For the past 2 months, Darren and I have been working on obtaining our UK drivers' licenses. This process has not been easy, in fact, we're still in the midst of it and feel crushed by the whole thing.
When I was 15 I took my written test at the DMV and failed. I cried. I cried because up to that point I hadn't really failed at anything. I don't mean to be obnoxious, but that's just the way things had been going for me. I did well in school, I was ok at sports, I won awards and generally was well-liked. I hadn't experienced failure and didn't know what it was like. I felt rejected by the DMV-- didn't they like me? I picked myself up, read through the little booklet and took the test again. Pass.
When I was 16 I took the driving test. It was a short 15 minute drive around a quiet neighborhood in Paso Robles. Easy stuff, but it felt like the most important test of my life. I passed. Now, 20 years later, with a clean driving record, no tickets or major accidents I am in that place again.
Here in the UK driving seems to be a BIG DEAL. Drivers here seem to be very safe, considerate and consistent. While driving here for the first time I realized how aggressive I was and it took some time to calm down. I have come to appreciate the UK system and want to be a part of it. But now, as we go through the process, the whole thing feels like a very exclusive club and it's hard getting in.
The theory and practical tests here are rigorous. I studied for hours and took several practice tests in preparation for my theory test. After much stress and study, I passed. Now I'm on to the next step, the practical test, 45 minutes in the car. I'm going to schedule a few lessons so I can get some help in understanding what they are looking for in the test.
It all looks so simple when I type it out and re-read what I've written. But the real problem lies in the culture stress that we are experiencing. For a year we've been learning about life here and easing our way into it. At the one year mark, we expected to feel like we accomplished something and year two would be easier. But here we are, faced with a driving test and the big message we are hearing is "you don't belong here, you're not one of us!" Culture stress is when your core beliefs rise to the surface and you see them in the light of your new culture. As an American, I have a deep sense of my rights. I believe that I am a good driver and I should have the right to drive anywhere I want all over the world. But in reality, my license says that I only have the right to drive in the US. I earned that right there, not here.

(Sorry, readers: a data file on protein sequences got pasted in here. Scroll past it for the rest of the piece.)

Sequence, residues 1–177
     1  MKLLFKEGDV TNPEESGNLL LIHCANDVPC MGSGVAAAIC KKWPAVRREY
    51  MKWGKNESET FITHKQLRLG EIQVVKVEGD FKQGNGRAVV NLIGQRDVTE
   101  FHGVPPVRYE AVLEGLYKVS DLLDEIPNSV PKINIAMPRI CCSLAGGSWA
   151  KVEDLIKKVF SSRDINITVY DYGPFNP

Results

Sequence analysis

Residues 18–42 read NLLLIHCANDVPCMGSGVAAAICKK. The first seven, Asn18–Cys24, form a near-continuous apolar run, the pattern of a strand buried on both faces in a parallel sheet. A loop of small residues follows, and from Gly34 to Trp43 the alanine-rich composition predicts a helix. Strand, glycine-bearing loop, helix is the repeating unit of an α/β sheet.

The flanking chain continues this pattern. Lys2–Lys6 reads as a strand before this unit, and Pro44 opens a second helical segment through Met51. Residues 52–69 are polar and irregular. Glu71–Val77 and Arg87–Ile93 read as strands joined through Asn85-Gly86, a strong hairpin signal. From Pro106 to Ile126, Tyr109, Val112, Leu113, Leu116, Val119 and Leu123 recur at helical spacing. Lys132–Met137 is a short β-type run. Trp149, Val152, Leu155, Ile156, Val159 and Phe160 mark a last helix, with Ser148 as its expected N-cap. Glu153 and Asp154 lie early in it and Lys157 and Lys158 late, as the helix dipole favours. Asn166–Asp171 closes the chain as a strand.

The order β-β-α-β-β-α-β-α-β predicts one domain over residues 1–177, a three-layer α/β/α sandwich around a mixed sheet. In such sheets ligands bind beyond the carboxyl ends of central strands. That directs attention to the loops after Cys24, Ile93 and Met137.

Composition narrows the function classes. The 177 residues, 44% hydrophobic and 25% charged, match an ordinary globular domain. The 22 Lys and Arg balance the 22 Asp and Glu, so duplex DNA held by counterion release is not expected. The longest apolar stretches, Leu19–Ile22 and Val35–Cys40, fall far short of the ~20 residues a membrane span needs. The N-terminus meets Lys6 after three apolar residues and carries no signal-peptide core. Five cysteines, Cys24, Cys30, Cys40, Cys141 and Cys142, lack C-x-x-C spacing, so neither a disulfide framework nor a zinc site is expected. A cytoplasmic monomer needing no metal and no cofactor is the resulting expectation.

The other problem with culture stress is that affects your calling. It is very hard to serve and love the people that God has called you to when you are mad at their culture.
All these feelings remind me of being 16 again. A 16 year old is desperately trying to prove that they are ready for adulthood and all the responsibilities included. Its so frustrating because when I hit my thirties I finally felt like I had made it to adulthood and the struggle was over. But now, here I am in a foreign country, trying to earn my driver's license and feeling 16 again.
The good news is that this is just a speed bump on our journey through life in the UK (bad pun intended). We will get through this, we will pass our tests, we will drive again. Until then we struggle with stress. Its really no bother not driving, everything we need is within walking distance and public transportation is great. The struggle lies in dealing with the stress gracefully and to that end we pray and ask that God would use this to refine our character into something that pleases Him.
I look forward to writing again and letting you all know when we pass!